6 Ways Summer Squash Can Improve Your Health
With our glorious summer days upon us it’s time to embrace some of the more delightful summer treats you can expect in the near future. Summer squash is a delightful vegetable that contains a litany of health benefits and can be cooked in a variety of ways. Today we are looking at the health benefits of summer squash and some interesting and new ways to add it to your daily diet. Let’s get rolling.
Summer squash is a type of squash that grows all over the United States and is easily found at local farmers markets, roadside vegetable stands and organic produce delivery services. Summer squash is rich in nutritional benefits and can be used in a wide variety of dishes. Add it to stews, salads and soups to avail yourself of this nutritious vegetable. Summer squash comes in a variety of sizes, including one shaped like a flying saucer (patty-pan squash).
Summer squashes are believed to be indigenous to Mexico along with South and Central America. Archeological digs have recovered preserved seeds from the summer squashes in Mexican caves that could be well over 10,000 years old.
The Spanish Conquistadors introduced both varieties of squashes (summer and winter) to Europe which rapidly became popular throughout the Western World. The Native Americans considered this summer vegetable to be one of their staples and was one of the Three Sisters (corn and beans being the other two) method of planting and eating.
2. Nutrition Galore!
Summer squash is a rich source of Vitamin A and C, magnesium, fiber, folate, riboflavin, phosphorus, potassium and Vitamin B6. In addition, it is high in manganese, a mineral which helps the body process fats, carbohydrates, and glucose.
3. Healthy Heart
Yellow squash contains negligible fat and no measurable cholesterol. One cup of squash contains about 0.2 g of fat. Cutting down on your fat and cholesterol intake is a giant step towards helping reduce your risk of heart disease.
Aside from the complete lack of fat in summer squash, the magnesium quantity has been shown to reduce the risk of heart attack and stroke. Along with its potassium content, magnesium is good for reducing high blood pressure. The vitamin C and beta-carotene levels in summer squash may also aid in preventing the oxidation of cholesterol. As cholesterol in its oxidized form builds up in the walls of blood vessels, such nutrients may reduce the development of atherosclerosis. The presence of the vitamin folate in yellow squash is required by our bodies to remove an unhealthy metabolic byproduct called homocysteine, which may contribute to heart attack and stroke risk.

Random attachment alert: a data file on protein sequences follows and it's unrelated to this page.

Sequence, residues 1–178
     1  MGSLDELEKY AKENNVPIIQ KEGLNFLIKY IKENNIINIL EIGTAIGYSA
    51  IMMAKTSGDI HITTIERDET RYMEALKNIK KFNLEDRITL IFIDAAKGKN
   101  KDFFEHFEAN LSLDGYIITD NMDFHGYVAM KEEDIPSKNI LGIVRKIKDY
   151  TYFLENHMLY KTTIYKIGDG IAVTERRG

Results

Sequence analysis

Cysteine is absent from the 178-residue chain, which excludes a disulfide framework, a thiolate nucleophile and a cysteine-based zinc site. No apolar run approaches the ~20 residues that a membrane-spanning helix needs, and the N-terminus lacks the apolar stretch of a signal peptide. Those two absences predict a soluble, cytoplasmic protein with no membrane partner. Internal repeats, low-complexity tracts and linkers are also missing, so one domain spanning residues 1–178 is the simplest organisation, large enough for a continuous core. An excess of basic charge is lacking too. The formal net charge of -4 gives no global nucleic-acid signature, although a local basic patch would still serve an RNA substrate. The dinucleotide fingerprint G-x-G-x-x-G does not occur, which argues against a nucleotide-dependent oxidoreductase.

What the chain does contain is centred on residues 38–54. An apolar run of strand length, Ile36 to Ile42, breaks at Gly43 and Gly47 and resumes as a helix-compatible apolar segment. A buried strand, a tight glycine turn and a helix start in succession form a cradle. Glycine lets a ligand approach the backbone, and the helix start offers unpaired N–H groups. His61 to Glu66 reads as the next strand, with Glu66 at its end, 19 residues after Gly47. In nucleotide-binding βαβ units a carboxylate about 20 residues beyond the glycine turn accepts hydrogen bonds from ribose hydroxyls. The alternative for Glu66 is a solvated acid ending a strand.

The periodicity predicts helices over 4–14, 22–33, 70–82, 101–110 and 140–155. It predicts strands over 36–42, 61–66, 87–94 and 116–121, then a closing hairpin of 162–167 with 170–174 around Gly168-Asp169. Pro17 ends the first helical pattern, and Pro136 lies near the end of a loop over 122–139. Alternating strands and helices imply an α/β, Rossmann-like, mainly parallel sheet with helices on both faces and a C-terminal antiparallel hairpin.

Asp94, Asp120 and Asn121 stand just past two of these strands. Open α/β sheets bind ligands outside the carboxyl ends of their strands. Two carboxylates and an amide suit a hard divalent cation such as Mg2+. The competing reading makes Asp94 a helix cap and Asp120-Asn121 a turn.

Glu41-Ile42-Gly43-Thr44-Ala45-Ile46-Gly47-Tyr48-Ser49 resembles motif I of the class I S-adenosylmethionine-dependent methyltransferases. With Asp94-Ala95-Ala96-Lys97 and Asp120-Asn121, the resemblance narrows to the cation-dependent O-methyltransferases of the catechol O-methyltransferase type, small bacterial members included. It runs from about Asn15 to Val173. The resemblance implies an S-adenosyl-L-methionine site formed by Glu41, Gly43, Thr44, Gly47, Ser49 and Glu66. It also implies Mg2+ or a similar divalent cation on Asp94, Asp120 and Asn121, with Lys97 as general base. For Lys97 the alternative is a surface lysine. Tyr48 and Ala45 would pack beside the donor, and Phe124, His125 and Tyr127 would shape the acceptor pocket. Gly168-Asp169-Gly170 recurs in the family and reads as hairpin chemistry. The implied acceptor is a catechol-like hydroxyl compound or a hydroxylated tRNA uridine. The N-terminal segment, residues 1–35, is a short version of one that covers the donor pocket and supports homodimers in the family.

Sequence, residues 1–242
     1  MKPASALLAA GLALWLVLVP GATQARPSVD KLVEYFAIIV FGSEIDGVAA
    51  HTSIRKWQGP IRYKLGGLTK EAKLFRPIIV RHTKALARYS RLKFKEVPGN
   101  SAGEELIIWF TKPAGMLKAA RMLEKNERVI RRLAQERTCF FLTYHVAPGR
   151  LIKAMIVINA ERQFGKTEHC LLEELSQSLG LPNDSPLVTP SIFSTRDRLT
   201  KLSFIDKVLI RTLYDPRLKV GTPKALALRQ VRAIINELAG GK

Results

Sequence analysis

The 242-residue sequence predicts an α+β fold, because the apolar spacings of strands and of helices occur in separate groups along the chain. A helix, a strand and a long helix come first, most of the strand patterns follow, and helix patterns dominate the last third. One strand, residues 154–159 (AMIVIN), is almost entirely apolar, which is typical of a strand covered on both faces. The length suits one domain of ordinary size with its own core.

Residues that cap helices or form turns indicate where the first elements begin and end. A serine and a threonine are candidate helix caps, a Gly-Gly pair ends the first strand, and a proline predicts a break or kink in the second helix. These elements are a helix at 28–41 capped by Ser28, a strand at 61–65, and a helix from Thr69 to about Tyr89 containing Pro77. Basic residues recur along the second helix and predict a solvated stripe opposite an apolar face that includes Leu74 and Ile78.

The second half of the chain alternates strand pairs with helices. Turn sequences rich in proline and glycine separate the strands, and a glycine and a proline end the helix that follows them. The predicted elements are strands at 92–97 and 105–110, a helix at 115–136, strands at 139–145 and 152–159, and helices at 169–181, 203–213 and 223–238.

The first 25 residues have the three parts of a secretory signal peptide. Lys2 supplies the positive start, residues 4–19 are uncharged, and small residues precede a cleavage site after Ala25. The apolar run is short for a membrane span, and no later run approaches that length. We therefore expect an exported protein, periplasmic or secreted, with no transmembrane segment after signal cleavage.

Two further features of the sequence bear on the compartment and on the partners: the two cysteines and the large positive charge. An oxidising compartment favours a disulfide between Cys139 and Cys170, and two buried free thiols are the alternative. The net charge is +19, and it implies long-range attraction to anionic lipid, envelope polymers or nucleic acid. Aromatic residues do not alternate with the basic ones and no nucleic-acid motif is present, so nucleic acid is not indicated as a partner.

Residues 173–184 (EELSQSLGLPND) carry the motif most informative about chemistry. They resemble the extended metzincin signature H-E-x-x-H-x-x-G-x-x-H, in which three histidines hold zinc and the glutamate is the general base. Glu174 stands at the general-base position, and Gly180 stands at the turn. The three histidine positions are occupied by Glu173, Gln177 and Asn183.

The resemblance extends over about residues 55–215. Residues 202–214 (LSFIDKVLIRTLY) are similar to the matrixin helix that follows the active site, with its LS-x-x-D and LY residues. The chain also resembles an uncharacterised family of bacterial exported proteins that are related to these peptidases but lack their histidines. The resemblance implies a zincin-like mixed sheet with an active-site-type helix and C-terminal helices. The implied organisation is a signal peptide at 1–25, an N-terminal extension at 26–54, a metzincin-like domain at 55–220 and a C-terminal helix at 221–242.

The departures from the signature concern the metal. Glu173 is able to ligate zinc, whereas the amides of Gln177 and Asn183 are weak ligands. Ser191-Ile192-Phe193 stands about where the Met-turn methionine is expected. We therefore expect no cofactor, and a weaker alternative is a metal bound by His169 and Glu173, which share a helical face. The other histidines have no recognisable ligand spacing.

4. You Will See Better!
Not only will eating more summer squash demonstrate to those around you that you have seen the nutritional light, you will actually be able to see those who are around you. Summer squash is particularly high in concentrations of beta carotene and lutein. Dietary lutein helps to prevent the onset of cataracts and macular degeneration, which often leads to blindness. A cup of summer squash provides about 135 micrograms of beta carotene and 2,400 micrograms of lutein.
5. Fights Cancer
Summer squash is abundant in antioxidants that keep free radicals at bay. With its high beta-carotene content, summer squash is a great source of protection from pollutants and chemicals that lead to cancer. The high levels of vitamin C helps prevent premature aging and cancer as well as inhibiting cell division.
6. Controls PMS Symptoms
As mentioned above, summer squash is a very good source of manganese. In one clinical trial, women who consumed high amounts of this mineral in their daily diet had fewer mood swings and cramps than those who ate the lowest amounts. So put some in your lunchtime salad!
Bet You Didn’t Know:
The tradition of lighting candles inside a carved pumpkin at Halloween is originally from Ireland where lit vegetables were hung in the window to ward off Jack O’ Lantern, a wayward soul condemned by the devil to walk the earth for all eternity.
Botanically speaking, squash is considered a fruit, because it contains the seeds of the plants.
If you haven’t cooked with squash before, it can be a little challenging to work into the regular diet. Here are some cool ways to work squash into your summer plans during these warm months.
- Squash can be used to make great tasting casseroles or put in a fast stir fry.
- Marinate and grill it on the grill – what a great taste!
- Sliced or grated raw squash can be a wonderful addition to your favorite salad.
- Add sliced squash with dried tomatoes to rice when you cook it.
- Add yellow and zucchini squash to your next vegetable tray.
- Grated summer squash makes a good substitute for carrots in a carrot cake.
- 1 1/2 tsp olive oil
- 2 medium yellow squash, cut in 1 inch diagonal slices
- 1 clove garlic, minced
- 1/4 tsp salt
- 1 pinch black pepper
- 1 Tbsp chopped onions
- 1 tsp fresh basil, chopped
- 2 medium zucchini, cut in 1 inch diagonal slices
- In a 12" non-stick skillet over medium-heat, warm the oil until hot. Add the squash, zucchini, onions and garlic. Cook, stirring frequently, for 6 to 8 minutes, or until the slices are nicely browned. Stir in the salt and pepper.
What are your favorite summer squash dishes? Let us know in the comments below.